On a windblown, gray Chicago day exactly 100 years ago today, Ralph Chaplin left his home on the city’s South Side for a raucous poor people’s rally at Hull House, the famed settlement house co-founded by Jane Addams. He asked a visiting friend he'd met organizing coal miners with Mother Jones to listen to the lyrics of a new tune he had been working on:
For the union makes us strong!”
The self-described Chicago “stiff” and “rebel editor” merely wanted to write a song that could be for workers what “John Brown's Body” and “Battle Hymn of the Republic” were for abolitionists. In fact, he borrowed the very melody.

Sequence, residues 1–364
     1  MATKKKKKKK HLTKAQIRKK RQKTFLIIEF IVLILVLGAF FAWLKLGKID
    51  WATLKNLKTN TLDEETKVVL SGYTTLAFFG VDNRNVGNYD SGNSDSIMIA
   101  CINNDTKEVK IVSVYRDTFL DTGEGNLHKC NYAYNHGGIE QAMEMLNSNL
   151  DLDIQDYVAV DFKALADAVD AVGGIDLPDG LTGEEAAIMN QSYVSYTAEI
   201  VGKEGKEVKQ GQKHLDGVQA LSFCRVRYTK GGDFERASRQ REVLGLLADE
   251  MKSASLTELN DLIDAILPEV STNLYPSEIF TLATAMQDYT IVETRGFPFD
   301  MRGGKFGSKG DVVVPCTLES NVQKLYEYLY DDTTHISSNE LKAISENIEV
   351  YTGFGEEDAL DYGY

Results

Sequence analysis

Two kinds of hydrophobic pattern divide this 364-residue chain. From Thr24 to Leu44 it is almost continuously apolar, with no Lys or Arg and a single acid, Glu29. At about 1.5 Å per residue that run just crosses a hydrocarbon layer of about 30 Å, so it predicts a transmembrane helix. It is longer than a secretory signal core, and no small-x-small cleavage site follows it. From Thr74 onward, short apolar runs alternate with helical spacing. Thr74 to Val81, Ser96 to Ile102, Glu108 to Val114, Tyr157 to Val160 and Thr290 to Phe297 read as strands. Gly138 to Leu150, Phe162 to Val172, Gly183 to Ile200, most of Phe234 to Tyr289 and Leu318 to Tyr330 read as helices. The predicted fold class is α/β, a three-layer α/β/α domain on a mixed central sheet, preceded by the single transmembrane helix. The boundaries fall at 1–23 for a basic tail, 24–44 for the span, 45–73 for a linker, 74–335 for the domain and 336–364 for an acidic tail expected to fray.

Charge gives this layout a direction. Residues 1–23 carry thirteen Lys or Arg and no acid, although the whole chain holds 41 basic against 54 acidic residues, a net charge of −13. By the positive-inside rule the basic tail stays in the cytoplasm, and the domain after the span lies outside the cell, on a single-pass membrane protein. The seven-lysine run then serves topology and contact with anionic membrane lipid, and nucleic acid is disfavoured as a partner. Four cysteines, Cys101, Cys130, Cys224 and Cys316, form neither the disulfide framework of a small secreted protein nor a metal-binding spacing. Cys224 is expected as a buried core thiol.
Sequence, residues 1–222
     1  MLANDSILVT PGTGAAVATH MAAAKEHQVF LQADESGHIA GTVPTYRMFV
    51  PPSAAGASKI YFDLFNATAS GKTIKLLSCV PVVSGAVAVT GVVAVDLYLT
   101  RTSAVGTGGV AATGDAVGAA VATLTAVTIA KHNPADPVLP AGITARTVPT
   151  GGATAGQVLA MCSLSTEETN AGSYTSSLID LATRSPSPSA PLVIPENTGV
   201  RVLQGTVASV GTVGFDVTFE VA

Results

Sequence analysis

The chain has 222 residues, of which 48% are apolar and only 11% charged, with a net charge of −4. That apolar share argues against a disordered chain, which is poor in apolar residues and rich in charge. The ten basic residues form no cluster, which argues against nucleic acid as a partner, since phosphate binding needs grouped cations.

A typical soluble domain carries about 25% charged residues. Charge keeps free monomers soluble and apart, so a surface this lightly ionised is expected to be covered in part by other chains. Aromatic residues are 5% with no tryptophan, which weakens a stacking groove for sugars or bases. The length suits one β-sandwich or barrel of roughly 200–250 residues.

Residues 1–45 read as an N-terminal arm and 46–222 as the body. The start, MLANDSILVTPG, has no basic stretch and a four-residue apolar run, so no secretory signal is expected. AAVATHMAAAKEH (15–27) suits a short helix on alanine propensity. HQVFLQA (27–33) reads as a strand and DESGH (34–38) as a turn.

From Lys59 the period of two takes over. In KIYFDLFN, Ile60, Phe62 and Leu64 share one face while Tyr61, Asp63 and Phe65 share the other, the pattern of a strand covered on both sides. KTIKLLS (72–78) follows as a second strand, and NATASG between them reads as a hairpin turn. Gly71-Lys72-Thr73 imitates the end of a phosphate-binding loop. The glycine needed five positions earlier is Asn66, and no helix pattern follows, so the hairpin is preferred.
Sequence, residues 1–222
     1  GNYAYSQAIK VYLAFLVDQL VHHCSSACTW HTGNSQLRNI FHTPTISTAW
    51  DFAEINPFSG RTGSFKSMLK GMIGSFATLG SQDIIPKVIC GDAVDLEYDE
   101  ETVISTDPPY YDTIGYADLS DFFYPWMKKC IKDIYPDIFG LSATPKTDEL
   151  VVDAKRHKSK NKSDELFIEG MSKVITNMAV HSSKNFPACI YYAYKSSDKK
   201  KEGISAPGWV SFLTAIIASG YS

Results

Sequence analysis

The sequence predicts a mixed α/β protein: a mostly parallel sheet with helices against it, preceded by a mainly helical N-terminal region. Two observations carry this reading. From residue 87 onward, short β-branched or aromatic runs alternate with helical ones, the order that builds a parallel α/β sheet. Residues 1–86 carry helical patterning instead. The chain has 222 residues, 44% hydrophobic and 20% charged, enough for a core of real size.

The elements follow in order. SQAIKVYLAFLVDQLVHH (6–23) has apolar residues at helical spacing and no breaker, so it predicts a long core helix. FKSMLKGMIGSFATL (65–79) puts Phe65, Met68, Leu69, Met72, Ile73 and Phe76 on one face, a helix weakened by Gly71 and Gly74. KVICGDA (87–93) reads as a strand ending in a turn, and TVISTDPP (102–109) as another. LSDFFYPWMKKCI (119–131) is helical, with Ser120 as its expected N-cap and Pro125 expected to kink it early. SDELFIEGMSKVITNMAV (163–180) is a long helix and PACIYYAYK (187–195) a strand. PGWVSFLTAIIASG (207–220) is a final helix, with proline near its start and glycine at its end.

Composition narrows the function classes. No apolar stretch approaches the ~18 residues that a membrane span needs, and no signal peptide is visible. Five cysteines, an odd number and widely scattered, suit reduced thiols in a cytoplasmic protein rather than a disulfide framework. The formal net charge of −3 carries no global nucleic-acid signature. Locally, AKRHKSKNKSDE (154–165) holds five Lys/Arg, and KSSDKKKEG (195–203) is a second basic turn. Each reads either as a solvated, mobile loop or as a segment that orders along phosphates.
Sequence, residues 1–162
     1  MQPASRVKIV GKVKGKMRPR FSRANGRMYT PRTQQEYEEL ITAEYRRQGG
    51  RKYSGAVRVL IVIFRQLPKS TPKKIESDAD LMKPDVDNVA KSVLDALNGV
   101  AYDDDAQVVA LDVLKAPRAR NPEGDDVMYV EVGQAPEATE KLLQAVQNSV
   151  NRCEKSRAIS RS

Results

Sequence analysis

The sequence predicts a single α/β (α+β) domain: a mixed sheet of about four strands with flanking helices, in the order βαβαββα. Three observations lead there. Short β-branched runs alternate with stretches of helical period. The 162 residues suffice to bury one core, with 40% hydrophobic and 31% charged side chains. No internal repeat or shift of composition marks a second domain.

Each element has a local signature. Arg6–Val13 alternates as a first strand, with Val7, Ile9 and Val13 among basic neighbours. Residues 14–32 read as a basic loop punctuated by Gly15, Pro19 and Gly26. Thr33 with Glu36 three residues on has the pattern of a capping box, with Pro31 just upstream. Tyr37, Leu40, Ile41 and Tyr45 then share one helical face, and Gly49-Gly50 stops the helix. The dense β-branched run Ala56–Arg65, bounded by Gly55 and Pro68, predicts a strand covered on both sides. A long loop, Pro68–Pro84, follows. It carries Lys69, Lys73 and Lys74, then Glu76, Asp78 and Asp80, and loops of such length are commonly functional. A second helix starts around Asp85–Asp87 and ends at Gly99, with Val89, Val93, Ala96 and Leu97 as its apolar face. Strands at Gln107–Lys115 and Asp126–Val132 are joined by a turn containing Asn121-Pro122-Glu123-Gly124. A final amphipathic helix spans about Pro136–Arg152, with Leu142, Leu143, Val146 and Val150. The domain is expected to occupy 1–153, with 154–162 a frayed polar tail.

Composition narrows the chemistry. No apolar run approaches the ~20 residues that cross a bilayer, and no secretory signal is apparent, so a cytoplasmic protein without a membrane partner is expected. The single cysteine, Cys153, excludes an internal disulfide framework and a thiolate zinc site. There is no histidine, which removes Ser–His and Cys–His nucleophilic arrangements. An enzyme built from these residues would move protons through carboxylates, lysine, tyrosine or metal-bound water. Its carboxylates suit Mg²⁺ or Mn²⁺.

One hundred years later, despite the rise and precipitous fall of workers’ movements in the U.S., Chaplin's song is a classic still widely sung with fists raised and demands for justice submitted. It's an international and national anthem, regularly belted out by “Occupy” and sung every weekday by crowds from 20 to 100 protesters at the Wisconsin State Capitol rotunda.More ...